Asking the United States based journalist to remove his post, she had alleged that the post unnecessarily vilified a country by stating “Writing only on social media and defaming whole country is not good choice.”

The post can be found here:

With this, the chairperson had found itself indulging in its deplorable habit of blaming women” instead of holding the accused accountable. It is essential to highlight here that in August of 2023, when Parliamentary Committee on Empowerment of Women’s report on ‘Working of NCW and state commissions for women’ was tabled in the Lok Sabha, it was revealed that nearly 75 per cent of complaints received by the NRI (Non-Resident India) Cell of NCW from 2019 to 2022 are yet to be resolved. The NCW’s Statistical Overview of Complaints showed a 30 percent increase in the total number of complaints registered from 23,700 cases in 2021. After 2014, when it received 33,906 complaints, the NCW has received the highest number of complaints in 2022.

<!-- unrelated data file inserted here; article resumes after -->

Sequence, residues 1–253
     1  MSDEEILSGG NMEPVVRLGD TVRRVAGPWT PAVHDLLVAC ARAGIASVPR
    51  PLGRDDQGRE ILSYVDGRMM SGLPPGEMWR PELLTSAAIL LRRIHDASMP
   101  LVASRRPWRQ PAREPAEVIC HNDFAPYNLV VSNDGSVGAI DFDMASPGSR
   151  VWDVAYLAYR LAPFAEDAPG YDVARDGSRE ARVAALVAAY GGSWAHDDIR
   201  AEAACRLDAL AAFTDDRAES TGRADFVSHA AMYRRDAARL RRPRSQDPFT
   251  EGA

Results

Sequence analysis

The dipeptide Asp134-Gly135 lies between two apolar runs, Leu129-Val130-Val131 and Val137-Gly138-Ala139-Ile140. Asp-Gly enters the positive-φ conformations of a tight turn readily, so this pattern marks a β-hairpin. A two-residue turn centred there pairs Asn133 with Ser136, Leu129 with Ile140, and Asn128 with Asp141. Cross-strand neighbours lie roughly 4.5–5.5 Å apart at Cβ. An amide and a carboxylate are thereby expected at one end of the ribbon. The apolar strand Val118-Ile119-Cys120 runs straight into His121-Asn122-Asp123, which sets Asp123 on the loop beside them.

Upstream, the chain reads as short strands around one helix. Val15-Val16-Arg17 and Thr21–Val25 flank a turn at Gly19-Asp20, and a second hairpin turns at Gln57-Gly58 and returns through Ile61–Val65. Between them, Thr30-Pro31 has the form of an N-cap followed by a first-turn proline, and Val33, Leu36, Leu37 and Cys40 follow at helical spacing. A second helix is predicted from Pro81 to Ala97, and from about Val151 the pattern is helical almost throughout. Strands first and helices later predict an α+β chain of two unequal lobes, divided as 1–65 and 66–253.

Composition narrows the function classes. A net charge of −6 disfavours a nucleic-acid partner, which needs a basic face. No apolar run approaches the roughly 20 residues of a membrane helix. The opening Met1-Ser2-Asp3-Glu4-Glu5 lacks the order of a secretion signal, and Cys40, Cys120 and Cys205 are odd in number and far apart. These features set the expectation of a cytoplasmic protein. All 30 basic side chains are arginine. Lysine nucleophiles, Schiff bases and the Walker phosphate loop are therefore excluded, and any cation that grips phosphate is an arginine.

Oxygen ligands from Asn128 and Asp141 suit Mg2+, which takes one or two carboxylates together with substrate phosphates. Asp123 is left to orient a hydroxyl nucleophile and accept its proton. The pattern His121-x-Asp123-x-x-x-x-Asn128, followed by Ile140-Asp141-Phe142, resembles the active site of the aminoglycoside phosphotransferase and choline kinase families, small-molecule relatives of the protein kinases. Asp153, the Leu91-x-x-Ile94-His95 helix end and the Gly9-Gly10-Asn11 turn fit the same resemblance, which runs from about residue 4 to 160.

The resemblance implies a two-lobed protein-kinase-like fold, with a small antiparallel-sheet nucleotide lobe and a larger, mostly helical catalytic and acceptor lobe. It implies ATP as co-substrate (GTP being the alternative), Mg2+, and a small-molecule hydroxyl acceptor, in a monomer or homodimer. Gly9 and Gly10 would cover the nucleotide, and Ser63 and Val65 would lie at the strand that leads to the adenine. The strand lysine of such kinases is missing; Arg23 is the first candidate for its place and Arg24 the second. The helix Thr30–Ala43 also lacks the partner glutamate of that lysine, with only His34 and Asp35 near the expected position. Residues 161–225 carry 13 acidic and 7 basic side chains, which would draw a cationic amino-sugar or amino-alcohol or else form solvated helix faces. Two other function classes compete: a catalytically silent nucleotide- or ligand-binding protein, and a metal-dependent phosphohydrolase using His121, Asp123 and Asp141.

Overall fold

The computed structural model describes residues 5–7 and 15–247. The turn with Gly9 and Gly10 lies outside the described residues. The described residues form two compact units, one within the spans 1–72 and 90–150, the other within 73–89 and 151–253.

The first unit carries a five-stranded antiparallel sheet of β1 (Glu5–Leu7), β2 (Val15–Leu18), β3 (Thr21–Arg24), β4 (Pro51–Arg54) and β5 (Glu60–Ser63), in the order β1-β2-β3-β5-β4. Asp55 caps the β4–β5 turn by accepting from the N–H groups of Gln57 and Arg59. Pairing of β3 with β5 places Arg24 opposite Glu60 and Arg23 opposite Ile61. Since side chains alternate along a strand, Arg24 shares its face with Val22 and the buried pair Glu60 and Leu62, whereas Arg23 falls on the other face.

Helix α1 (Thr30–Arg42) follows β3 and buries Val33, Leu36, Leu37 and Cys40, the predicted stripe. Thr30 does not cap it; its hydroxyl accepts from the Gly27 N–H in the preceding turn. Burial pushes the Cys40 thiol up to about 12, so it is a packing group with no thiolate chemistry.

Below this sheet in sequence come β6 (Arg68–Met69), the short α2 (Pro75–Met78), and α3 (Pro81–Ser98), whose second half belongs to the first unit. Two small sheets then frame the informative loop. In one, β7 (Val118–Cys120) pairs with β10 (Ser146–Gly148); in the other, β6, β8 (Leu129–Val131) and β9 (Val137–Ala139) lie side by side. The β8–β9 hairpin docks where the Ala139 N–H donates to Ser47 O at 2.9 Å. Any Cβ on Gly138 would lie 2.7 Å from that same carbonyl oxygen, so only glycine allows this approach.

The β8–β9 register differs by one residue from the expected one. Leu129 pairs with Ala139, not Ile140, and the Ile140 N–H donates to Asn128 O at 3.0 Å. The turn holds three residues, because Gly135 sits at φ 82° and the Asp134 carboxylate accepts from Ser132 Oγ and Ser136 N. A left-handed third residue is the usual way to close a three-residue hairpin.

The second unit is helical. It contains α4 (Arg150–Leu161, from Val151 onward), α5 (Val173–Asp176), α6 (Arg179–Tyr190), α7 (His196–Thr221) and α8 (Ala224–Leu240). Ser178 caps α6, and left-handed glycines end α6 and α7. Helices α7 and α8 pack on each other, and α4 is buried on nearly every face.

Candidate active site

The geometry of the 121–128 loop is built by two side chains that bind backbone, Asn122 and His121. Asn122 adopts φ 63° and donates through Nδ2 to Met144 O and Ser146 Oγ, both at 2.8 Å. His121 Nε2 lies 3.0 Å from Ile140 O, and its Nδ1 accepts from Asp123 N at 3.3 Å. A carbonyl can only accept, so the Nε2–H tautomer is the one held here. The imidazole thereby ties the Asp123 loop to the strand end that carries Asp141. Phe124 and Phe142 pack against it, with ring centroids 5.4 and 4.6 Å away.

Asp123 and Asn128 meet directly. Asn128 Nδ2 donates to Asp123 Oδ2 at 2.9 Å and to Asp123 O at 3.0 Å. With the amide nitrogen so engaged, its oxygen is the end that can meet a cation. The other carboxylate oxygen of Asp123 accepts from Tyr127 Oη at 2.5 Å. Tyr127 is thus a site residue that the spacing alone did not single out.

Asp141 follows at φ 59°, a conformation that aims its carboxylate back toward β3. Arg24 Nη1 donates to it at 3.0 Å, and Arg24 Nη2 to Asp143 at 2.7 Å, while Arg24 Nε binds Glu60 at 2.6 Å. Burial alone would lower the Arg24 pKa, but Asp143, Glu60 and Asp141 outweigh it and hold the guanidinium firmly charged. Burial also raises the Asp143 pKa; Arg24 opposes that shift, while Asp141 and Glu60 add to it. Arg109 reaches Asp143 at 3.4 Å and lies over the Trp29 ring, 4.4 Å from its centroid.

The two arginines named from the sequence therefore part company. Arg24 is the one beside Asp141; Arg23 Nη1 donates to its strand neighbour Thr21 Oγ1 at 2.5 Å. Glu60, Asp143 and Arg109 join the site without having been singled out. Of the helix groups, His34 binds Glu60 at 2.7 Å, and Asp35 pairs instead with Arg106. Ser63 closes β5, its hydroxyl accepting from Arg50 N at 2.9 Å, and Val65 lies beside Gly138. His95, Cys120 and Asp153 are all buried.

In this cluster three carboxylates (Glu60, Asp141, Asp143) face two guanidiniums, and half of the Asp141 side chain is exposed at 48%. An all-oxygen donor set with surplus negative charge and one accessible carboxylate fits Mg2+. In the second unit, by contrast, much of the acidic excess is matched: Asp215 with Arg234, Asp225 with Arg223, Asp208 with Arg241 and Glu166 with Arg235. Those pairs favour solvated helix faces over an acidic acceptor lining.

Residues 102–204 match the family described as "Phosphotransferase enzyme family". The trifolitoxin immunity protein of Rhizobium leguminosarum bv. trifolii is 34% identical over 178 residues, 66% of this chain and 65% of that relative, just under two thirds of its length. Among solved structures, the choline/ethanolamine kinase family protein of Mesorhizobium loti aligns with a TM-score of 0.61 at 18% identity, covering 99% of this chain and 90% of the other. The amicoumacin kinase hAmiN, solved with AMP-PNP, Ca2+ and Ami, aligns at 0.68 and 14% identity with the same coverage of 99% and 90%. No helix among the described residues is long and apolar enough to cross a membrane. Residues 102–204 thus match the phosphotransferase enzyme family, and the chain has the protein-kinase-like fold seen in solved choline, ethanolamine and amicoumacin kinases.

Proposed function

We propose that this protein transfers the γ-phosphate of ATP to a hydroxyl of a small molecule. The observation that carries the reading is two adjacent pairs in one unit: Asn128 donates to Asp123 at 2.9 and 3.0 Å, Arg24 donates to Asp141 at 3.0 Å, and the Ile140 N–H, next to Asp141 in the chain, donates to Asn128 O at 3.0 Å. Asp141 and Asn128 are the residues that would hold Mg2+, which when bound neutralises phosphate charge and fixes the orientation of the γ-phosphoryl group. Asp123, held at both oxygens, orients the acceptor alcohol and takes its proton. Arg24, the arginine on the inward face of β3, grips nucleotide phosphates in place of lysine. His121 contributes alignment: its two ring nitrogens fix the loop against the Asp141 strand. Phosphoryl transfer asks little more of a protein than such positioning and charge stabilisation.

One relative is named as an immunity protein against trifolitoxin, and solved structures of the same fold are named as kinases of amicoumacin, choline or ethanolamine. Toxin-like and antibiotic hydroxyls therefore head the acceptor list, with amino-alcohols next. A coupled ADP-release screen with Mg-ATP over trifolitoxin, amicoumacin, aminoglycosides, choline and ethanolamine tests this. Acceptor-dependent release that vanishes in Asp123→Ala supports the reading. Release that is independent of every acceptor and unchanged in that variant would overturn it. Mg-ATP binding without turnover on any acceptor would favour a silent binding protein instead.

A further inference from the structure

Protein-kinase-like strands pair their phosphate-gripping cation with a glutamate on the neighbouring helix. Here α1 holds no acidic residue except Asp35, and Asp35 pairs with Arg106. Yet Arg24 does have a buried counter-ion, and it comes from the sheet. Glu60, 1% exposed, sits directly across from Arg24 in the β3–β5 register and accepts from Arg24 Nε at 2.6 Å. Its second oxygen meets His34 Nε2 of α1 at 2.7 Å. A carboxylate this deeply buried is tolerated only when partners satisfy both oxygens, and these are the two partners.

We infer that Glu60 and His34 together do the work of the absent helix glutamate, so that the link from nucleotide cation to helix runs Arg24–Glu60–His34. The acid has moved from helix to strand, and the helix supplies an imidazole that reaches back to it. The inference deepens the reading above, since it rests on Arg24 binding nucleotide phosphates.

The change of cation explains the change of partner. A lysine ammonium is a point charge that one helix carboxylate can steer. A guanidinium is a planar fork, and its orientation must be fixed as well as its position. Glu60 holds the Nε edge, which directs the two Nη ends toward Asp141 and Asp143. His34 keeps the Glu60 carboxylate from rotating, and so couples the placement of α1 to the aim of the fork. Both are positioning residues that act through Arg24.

Half of these complaints – 16,872 cases, which is 54.5 percent – were from the country’s most populated state Uttar Pradesh (UP), followed by Delhi with 3,004 complaints (10 percent), Maharashtra with 1,381 complaints (5 percent), Bihar with 1,368 complaints (4.4 percent), Haryana with 1,362 complaints (4.4 percent), Madhya Pradesh with 1,141 complaints (3.7 percent), Rajasthan with 1,030 (3.3 percent), Tamil Nadu with 668 (2.2 percent), West Bengal with 621 (2 percent), Karnataka with 554 (1.8 percent) and the remaining states with 2,955 complaints (9.5 percent). 

Selective outrage: